World

Disputed islands: Japan ignoring historical facts, says China

PTI Beijing | Updated on March 12, 2018 Published on September 27, 2012

China today questioned the Japanese Premier’s assertions claiming sovereignty over disputed islands in the East China Sea, saying Tokyo is ‘self-deceiving itself’ by ignoring historical facts and international laws.

Reacting to Yoshihiko Noda’s comments that the islands, called Senkakus by Japan and Diaoyu by China, are an inherent part of Japanese territory brushing aside China’s counterclaims, Chinese Foreign Ministry spokesman, Qin Gang said, asserting the ownership of the territory should be solved on historical and legal basis.

Noda who addressed the UN General Assembly at New York told the media that “as for the Senkakus, they are an inherent part of our territory in light of history and also under international law.”

“There are no territorial issues as such. Therefore, there cannot be any compromise that represents a retreat from this position,” he said without naming Japan.

Qin said that “some individual country” has ignored the historical facts and international laws, openly violated territorial sovereignty of other countries, and openly denied the result of the world anti-fascist war.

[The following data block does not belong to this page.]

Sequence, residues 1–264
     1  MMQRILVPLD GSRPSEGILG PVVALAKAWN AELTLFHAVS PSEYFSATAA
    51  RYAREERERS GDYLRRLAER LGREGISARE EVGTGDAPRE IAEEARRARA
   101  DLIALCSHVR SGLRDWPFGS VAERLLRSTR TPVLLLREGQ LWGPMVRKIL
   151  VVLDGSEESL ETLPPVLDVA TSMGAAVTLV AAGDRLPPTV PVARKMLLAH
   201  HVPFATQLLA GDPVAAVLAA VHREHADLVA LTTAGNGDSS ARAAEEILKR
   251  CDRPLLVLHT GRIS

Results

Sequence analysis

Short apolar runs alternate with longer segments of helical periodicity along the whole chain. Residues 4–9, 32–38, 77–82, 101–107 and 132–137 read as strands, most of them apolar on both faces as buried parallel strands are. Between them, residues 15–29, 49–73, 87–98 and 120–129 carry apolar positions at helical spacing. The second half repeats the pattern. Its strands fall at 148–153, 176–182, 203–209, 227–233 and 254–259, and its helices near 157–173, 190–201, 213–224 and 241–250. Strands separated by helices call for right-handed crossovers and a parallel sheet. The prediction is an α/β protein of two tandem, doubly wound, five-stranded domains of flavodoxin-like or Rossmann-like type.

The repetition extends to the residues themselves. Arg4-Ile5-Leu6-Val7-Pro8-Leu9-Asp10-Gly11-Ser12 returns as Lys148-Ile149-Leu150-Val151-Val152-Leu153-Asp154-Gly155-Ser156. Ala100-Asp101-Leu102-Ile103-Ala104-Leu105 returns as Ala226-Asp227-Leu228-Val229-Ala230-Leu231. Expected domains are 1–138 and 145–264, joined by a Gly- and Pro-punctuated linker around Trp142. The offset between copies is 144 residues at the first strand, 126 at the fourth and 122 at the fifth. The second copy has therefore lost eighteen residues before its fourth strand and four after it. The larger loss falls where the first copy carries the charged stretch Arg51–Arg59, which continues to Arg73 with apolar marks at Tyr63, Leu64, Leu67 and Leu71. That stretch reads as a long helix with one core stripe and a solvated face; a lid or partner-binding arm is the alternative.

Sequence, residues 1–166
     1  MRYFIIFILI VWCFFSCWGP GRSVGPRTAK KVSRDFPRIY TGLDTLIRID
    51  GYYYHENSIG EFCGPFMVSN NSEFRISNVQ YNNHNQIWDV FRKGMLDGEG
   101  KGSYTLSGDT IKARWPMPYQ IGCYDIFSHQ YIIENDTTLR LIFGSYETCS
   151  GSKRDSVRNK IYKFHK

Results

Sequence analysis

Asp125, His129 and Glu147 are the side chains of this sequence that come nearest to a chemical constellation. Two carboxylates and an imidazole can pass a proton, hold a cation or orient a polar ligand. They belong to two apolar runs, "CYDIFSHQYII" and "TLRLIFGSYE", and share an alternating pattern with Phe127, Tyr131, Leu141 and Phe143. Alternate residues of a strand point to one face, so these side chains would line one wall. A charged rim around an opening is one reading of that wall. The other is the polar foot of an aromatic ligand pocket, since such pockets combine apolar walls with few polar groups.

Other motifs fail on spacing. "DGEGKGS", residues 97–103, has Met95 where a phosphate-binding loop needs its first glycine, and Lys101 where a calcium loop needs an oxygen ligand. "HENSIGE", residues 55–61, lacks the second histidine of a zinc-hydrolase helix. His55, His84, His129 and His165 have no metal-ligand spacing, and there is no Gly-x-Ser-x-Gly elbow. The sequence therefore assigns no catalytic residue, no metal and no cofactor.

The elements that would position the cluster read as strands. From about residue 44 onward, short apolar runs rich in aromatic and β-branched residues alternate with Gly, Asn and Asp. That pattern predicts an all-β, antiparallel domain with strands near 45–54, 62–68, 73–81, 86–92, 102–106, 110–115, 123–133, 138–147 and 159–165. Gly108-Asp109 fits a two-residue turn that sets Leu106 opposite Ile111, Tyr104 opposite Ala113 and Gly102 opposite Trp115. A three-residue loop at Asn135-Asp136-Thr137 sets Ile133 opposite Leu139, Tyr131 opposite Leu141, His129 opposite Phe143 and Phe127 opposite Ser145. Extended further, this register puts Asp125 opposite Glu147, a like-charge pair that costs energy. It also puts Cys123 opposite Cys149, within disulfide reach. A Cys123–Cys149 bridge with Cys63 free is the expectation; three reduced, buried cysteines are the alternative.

“The country seriously challenges the post-war international order, but tries to take the rules of international law as a cover. This is self-deceiving. The country concerned must face up to history and earnestly abide by international legal principles, and cease all actions that infringe the territorial integrity and sovereignty of other countries,” Qin was quoted as saying by the state-run Xinhua news agency.

The China-Japan spat over the islands has intensified in recent weeks after Japan bought the islands from a private party, which China said amounted to nationalisation of its property.

While thousands held marches in front of Japanese missions in China and in some cases damaged Japanese shops and factories, China has announced the islands as its baselines for its maritime boundary and submitted its claims to the UN.

Beijing also dispatched about a dozen maritime surveillance ships to the waters of the islands controlled by Japan and called on Tokyo to abide by the informal agreement reached three decades ago to not press ahead with the claims and leave it to posterity to settle the dispute.

Japan, in turn, argued that it bought the islands to prevent the right wing politicians’ plans to convert them into tourist spots.

The Foreign Ministers of the two countries held talks on the sidelines of UN General Assembly yesterday while their Vice-Foreign Ministers held talks here to restore normalcy.

But apparently no progress has been made in the talks amid concerns that the growing tensions would jeopardise the $345 billion trade between the two countries causing lot of hardship to people on both sides.

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Published on September 27, 2012
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